Aquinnah annual concludes with vote of thanks

Planning board chairman Peter Temple explains a complex zoning article at the Aquinnah town meeting. — Steve Myrick

With a standing ovation and sustained applause at their annual town meeting Tuesday night, Aquinnah voters offered thanks to voters in five Island towns who voted to appropriate nearly $500,000 in Community Preservation Act funds to help move the Gay Head Lighthouse away from the quickly eroding clay cliffs.

“To ask at this scale, and to have the support of all five Island towns, was tremendous support,” said Derrill Bazzy, chairman of the Aquinnah Community Preservation Committee.  “It’s unheard of in the state of Massachusetts. It was just amazing for them to come to bat for us.”

At the last of the Island’s round of annual town meetings, a total of 54, or approximately 15 percent of Aquinnah’s 368 voters turned out to attend to town business. Voters approved all but two of the articles on the special and annual town meeting warrants and a $3,823,866 operating budget for fiscal year 2015.

Voters went to the polls Wednesday to elect town officers. Julianne Vanderhoop challenged incumbent Beverly Wright for a seat on the board of selectmen. Results are available at

Voters rejected a move to consider a name change for State Road. The planning board asked the town whether it wanted to consider a name change, through a process of debate and two public hearings. Planning Board chairman Peter Temple explained that the legal name of the road is South Road, but over the years, everyone, including the post office, has come to know it as State Road. The planning board suggested a name change could clear up confusion with State Road in Chilmark, where some street numbers and the zip code are identical to those in Aquinnah.

Voters thought otherwise. They defeated the article unanimously on a voice vote.

They also tabled a broadly worded article that would give the town the right to deny permits or leases to delinquent taxpayers. Town officials offered the example of a resident who owes back taxes, but applies for a permit to expand their home on the delinquent property. The article would have given town officials the authority to deny the permit, but it was met with wide skepticism from voters.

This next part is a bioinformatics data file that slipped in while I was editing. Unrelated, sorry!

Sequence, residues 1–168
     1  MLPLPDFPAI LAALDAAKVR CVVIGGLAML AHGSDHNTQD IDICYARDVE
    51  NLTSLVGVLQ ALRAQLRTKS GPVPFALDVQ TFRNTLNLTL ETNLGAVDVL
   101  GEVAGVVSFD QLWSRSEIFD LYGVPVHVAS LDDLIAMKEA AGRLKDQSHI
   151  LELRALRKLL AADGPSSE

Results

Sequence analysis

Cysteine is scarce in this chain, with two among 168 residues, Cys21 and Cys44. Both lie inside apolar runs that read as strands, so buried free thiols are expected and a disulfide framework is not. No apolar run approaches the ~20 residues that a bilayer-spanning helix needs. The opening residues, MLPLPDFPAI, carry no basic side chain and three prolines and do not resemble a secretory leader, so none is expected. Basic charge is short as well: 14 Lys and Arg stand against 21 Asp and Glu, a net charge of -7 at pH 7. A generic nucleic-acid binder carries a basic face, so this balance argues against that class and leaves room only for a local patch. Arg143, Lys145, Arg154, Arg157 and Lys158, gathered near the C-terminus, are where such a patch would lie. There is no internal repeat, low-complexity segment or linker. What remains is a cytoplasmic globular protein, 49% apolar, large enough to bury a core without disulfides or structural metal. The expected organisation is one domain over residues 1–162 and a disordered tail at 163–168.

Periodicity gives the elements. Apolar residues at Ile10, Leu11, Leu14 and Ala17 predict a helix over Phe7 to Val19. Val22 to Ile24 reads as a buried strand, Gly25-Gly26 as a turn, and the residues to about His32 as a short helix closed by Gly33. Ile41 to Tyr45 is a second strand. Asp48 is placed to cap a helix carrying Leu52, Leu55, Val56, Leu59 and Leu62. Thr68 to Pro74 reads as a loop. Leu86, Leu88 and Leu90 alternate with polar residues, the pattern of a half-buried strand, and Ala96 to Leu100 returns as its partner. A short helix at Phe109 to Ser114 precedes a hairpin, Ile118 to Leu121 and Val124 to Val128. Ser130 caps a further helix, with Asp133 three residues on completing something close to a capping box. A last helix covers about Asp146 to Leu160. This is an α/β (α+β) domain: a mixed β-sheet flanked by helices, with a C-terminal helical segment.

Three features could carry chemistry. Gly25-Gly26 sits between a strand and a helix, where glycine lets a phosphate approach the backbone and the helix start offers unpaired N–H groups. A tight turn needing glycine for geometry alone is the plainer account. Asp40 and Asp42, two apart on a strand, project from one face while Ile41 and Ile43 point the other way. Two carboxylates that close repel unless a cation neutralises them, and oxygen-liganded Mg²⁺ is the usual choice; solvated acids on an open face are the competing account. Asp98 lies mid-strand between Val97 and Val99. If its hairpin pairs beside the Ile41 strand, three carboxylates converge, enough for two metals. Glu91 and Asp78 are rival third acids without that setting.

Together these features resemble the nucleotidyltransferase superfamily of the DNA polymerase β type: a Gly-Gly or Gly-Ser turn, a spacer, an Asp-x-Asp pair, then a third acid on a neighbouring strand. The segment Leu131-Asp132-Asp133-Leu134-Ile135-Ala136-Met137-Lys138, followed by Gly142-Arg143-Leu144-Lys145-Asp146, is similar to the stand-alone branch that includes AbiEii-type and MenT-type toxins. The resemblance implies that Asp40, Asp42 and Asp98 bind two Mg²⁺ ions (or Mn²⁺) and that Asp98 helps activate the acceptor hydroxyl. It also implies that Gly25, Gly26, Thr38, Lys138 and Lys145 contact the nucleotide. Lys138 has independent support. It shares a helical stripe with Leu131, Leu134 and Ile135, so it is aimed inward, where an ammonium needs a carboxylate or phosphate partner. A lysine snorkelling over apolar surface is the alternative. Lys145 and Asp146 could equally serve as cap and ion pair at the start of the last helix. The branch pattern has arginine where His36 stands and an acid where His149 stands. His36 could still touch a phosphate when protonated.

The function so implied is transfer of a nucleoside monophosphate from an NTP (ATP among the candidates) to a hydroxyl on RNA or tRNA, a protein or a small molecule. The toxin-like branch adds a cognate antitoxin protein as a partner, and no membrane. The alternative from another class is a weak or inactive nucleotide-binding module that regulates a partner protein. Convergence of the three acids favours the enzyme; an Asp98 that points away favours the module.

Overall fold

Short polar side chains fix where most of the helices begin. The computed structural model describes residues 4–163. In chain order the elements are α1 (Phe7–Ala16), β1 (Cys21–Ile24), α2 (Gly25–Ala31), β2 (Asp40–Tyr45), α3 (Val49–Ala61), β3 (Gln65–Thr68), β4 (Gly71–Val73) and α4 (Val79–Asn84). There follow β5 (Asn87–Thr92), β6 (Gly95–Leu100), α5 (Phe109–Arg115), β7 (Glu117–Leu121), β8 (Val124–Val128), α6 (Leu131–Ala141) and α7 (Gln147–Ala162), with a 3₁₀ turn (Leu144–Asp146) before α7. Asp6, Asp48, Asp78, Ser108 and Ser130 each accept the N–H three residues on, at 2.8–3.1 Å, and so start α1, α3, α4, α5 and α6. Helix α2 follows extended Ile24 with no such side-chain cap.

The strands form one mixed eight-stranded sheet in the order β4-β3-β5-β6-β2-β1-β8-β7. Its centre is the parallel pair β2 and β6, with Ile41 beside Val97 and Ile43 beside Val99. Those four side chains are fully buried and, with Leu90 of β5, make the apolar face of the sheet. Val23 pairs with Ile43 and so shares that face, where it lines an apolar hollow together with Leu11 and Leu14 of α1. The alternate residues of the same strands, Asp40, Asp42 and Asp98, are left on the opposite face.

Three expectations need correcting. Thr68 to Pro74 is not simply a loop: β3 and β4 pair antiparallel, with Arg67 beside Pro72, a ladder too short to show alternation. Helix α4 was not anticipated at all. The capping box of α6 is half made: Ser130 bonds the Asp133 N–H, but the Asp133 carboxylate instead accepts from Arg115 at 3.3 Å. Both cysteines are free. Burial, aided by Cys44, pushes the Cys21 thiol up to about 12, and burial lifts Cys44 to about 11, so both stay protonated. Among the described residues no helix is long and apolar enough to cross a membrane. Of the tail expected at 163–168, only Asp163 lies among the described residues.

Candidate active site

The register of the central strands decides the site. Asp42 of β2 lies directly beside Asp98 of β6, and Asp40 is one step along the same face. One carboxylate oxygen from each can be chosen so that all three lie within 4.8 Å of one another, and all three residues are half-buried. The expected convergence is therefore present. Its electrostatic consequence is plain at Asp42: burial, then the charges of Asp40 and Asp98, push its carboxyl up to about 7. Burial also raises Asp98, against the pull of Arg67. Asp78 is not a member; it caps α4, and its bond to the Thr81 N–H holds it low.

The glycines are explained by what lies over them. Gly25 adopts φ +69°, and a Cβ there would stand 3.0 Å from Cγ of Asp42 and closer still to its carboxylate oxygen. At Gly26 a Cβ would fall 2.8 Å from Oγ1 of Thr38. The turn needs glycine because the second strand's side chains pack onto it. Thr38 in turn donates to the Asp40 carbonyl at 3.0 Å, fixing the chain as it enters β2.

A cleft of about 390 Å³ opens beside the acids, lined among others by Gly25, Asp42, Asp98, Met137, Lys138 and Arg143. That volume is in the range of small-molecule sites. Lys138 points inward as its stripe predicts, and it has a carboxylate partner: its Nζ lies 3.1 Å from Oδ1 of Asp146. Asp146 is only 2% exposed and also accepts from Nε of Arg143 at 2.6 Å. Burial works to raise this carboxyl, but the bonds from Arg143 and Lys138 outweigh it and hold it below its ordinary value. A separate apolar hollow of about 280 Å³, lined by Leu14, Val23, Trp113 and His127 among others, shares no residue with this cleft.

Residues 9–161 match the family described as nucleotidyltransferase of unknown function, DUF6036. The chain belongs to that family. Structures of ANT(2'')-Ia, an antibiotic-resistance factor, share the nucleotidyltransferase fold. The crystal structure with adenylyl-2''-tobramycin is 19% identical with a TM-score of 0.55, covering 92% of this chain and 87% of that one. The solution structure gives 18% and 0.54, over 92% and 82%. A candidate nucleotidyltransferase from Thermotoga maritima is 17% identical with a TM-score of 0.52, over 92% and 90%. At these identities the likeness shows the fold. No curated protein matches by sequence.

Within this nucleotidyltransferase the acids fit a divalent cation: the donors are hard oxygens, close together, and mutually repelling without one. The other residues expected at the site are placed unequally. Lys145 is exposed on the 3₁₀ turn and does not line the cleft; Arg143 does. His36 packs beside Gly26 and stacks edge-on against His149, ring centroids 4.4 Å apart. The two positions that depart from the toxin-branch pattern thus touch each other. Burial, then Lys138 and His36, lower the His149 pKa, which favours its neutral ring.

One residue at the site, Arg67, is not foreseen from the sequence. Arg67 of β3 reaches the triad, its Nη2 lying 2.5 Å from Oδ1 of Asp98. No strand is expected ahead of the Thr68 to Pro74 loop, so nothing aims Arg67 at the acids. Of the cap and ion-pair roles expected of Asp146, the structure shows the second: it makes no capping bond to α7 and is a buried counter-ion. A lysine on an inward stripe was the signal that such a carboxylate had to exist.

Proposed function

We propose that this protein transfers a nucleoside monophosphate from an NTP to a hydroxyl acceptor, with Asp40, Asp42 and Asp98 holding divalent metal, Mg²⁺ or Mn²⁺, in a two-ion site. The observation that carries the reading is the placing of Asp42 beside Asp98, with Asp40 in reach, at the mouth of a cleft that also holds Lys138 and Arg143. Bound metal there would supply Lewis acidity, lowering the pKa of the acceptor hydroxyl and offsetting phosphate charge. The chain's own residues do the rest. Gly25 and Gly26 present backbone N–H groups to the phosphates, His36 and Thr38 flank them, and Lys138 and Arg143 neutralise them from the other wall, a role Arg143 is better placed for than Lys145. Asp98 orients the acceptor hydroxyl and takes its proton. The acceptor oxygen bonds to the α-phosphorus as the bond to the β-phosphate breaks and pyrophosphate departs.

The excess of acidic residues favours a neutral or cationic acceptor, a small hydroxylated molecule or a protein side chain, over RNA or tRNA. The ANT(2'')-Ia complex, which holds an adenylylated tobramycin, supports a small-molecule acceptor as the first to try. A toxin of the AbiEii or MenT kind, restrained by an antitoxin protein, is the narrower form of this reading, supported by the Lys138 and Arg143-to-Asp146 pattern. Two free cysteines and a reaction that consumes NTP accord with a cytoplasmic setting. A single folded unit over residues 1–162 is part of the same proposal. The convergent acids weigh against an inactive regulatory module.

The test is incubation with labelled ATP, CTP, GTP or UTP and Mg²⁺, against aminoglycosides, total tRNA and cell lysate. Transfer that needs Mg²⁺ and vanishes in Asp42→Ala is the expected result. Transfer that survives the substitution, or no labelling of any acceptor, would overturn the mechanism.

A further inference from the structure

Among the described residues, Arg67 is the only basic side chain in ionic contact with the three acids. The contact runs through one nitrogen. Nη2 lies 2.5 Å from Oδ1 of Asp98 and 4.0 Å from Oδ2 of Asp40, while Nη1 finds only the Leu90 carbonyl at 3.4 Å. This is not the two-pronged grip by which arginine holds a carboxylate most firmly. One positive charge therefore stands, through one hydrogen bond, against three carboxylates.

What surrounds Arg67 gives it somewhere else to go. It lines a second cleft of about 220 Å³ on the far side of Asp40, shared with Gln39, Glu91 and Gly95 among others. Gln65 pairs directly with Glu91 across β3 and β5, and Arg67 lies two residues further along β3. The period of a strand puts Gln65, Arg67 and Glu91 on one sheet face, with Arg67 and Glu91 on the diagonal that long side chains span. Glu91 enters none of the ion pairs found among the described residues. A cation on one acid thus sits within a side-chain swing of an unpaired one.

“There are already remedies for people who don’t pay their taxes,” voter Keitha Fine said. “We don’t need to burden the town with any more Draconian laws. It’s just plain absurd.”

The town took a critical look at the proposed $3.9 million fiscal year 2015 budget, questioning town employee salaries, legal expenses, police department expenses, and highway department costs, among others. A near unanimous voice vote of approval signaled the town meeting was satisfied with the explanations of spending by various town officials.

Voters agreed to spend $120,000 in Community Preservation Act funds for costs related to moving the lighthouse. Voters also appropriated $25,000 for fundraising materials and expenses requested by the Save the Gay Head Light Committee.

In its report to the town meeting, the lighthouse committee said it expects to recommend one of two viable new sites for the lighthouse to selectmen very soon. Selectmen said the decision rests with them, but a number of voters said the decision ought be put to a vote at a town meeting.

“I’m offended that we as town meeting members have voted on acquiring the lighthouse and preserving the lighthouse, but we’re not allowed to vote on where it’s going to go,” said Elise Lebovit. “We as townspeople should be able to make that vote.”

The lighthouse committee said it has raised $1.1 million toward its $3 million goal, and has a summer full of fundraising events planned. International Chimney Corporation, the company selected to move the lighthouse, plans to begin pre-engineering work, including inspection, repair, reinforcement and bracing of the lighthouse soon. The Save the Gay Head Light committee hopes to begin moving the structure in the spring of next year.

Voters narrowly approved a measure to move a boundary line between Aquinnah and Chilmark that bisects a Menemsha creek lot that the two towns now share. Voters were confused about the article, which sets in motion a process of review by state authorities, and requires the drafting of special legislation for consideration by state lawmakers. The more town officials tried to explain, the more confused the voters seemed.

“It’s kind of all fudged up,” said Angela Waldron. On a standing vote, the measure passed, 19 to 17.

A zoning bylaw change generated extensive discussion. The complex article, which passed with only three dissenting votes, gives the planning board an option to grant a variance to lot owners with less than 200 feet of frontage, for development of those lots.

Mr. Temple, chairman of the planning board, said the changes would affect approximately 30 existing lots that were once conforming lots, but became non-conforming lots with previous zoning changes. Any new development would still require a minimum of 200 feet of frontage, and would not be eligible for a variance.

In the final article of the evening, voters accepted with little debate a measure that creates a Fertilizer Management District of Critical Planning Concern (DCPC). The measure allows local boards to regulate and enforce the use of lawn fertilizer, with the goal of reducing the amount of nitrogen and phosphorus leaching into groundwater. With the vote in Aquinnah, all six Island towns have agreed to the measure.